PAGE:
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Bioko (spelled also Bioco) is an island off the west coast of Africa in the Gulf of Guinea, part of Equatorial Guinea. In colonial times it was known as Fernando Pó or Fernando Poo, and under the Africanization policy of dictator Masie Nguema Biyogo it was renamed Masie Ngueme Biyogo Island (sp. Francisco Macías Biogo); on his overthrow in 1979 it was named Bioko. It is known as Otcho to the Bubi people.


The island was inhabited in the middle of the first millennium B.C.E. by Bantu tribes from the mainland which formed the Bubi ethnic group. The first European discovery of the island was made in 1472, by the Portuguese navigator Fernão do Pó. It was at first named Formosa Flora ('Beautiful Flower'), but in 1494 was renamed for its discoverer (Fernando Pó or Fernando Poo). Unlike other islands in the area, Bioko had an indigenous (African) population. Still a distinct ethnic group on the island today, these indigenous people, the Bubi, speak a Bantu language; the island was probably inhabited by this or other Bantu-speaking groups since before the 7th century BC.
In 1642 the Dutch East India Company established its trade bases on the island without Portuguese consent, temporarily centralizing from there the trade of slaves in the Gulf of Guinea, although the Portuguese appeared once again on the island in 1648, replacing the Dutch Company by one of their own dedicated to the same trade and established in its neighbour island Corisco. Parallel with this establishment began the slow process of establishing the core of a new kingdom on the island formed by Bubi clans, especially after the activity of some local chiefs like Molombo (approx. 1700–1760) during a period of harsh enslavement in the region, a situation that forced local clans to abandon their coastal settlements and settle in the safer interior of the island.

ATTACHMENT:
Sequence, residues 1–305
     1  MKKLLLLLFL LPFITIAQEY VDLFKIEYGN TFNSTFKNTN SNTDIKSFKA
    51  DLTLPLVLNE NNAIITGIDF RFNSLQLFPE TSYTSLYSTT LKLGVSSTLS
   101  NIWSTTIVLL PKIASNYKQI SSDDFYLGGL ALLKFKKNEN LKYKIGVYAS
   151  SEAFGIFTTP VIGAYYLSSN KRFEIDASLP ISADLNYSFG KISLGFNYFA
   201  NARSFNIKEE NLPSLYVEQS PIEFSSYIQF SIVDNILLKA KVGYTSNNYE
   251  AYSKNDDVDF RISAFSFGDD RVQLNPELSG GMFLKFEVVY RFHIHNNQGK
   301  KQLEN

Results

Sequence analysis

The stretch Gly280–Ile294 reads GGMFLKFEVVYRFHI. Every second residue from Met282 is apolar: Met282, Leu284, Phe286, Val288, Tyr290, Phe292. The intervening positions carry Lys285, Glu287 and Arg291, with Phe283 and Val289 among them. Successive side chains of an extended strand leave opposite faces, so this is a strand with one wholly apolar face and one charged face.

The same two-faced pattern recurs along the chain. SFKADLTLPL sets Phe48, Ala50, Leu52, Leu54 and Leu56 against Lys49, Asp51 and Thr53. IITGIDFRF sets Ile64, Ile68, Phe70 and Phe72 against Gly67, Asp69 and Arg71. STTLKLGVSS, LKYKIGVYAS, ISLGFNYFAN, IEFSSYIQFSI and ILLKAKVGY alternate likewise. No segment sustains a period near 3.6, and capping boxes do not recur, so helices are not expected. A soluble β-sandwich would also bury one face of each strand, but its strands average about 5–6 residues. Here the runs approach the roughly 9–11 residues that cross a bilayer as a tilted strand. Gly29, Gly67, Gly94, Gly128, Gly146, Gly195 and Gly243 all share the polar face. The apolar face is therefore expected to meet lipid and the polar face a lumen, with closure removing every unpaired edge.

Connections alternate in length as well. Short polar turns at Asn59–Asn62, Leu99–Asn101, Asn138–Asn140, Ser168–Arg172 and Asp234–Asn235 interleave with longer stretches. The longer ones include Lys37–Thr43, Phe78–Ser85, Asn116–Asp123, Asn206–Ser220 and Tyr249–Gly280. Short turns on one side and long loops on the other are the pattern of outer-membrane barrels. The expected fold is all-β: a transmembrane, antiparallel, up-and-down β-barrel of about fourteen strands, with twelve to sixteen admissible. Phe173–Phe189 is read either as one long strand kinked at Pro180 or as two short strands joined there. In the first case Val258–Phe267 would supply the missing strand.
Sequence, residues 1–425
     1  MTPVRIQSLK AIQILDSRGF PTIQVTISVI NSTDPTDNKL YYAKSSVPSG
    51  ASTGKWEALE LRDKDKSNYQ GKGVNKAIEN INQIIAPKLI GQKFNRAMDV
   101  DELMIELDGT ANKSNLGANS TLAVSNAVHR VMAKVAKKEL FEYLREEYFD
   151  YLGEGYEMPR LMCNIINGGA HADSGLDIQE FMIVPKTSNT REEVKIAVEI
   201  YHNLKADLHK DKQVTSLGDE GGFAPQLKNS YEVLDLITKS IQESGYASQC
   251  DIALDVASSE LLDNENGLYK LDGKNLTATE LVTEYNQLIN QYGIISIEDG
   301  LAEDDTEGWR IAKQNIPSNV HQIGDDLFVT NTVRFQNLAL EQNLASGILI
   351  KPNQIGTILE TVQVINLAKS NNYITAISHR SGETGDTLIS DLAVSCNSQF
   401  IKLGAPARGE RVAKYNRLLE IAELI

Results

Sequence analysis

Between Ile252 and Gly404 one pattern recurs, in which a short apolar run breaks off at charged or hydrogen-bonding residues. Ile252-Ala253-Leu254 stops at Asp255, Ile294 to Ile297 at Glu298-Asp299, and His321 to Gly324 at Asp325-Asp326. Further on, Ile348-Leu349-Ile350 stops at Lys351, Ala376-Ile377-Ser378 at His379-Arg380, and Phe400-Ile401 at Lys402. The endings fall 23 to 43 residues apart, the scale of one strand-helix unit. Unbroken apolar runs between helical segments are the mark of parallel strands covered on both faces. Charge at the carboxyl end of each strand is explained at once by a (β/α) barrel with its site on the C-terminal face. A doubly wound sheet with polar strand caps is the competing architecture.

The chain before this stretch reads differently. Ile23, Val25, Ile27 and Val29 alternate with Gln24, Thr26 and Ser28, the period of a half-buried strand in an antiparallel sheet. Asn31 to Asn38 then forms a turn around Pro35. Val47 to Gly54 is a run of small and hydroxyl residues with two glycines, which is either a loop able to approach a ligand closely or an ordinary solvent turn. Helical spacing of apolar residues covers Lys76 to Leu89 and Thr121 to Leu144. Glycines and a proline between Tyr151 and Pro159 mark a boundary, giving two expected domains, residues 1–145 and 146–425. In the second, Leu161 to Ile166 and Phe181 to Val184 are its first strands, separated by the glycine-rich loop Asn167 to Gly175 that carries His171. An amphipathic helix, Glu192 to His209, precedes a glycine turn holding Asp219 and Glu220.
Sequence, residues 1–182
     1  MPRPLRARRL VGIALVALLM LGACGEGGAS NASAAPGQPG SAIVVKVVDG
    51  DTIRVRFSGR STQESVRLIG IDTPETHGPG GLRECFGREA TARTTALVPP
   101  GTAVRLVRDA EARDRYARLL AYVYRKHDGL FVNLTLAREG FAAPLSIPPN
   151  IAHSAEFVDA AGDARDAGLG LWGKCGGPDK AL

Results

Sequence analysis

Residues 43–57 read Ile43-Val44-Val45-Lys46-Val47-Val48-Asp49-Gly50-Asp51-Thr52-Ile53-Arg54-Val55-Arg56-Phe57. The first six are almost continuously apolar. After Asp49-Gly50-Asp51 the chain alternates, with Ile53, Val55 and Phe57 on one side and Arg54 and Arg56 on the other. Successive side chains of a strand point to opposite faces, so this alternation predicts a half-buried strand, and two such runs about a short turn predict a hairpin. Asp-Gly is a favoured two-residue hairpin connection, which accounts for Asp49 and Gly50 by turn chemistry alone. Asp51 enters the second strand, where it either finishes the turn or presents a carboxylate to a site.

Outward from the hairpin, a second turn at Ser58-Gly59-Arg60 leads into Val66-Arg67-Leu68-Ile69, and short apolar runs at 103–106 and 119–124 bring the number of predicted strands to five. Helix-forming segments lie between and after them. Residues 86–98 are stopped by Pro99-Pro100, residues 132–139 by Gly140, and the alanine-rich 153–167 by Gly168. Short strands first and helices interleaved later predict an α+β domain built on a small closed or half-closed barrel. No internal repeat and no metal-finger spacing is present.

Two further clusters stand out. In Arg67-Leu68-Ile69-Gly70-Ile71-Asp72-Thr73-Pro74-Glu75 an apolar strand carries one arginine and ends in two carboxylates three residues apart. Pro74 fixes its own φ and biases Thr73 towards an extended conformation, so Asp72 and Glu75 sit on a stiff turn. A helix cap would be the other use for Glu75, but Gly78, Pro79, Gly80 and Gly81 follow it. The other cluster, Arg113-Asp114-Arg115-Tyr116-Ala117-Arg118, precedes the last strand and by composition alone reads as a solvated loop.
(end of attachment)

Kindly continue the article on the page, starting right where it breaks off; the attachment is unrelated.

Bioko in the distance from Limbe, Cameroon

Portugal ceded to Spain Fernando Poo, Annobón and the Guinea coast (modern Equatorial Guinea) in 1778, with the Treaty of El Pardo, signed between Queen Mary II of Portugal and King Charles III of Spain, in exchange for territory in the American continent. Spain then mounted an expedition to Fernando Poo, led by the Conde de Argelejos and stayed for four months. In October 1778 Spain installed a governor on the island that stayed till 1780 when the Spanish mission left the island.
Molambo was succeeded by another local chief, Lorite (1760-1810) who was succeeded by Lopoa (1810-1842). From 1827 to 1843 the British leased bases at Port Clarence (modern Malabo) and San Carlos for their anti-slavery patrols. Juan José Lerena in March 1843 put the Spanish flag in Malabo, ending British influence on the island. Madabita (1842-1860) and Sepoko (1860-1875) were principal local chiefs during reestablishment of Spanish rule on the island. This period was also marked by immigration of several hundred Afro-Cubans as well as tens of Spanish scholars and politicians.
In 1923-30 the League of Nations investigated the shipment of migrant labour between Liberia and the Spanish island colony of Fernando Po. Although the League concentrated its attention on Liberia, a closer examination reveals labour abuse as very much the product of conditions on Fernando Po itself. In the last quarter of the nineteenth century, black planters on the island shifted from palm oil trading to cocoa cultivation. Dependence on migrant labour and increasing competition from Europeans resulted in economic crisis in the first years of the twentieth century, with detention of labour and the nonpayment of contracts as the outcome. The eventual investigation of the trade was the product of a desire to conserve Liberian labour for use on the African mainland, rather than an attempt to relieve its abuse.
The island was used as a base for flights into Biafra during the Nigerian civil war.

(Source Wikipedia)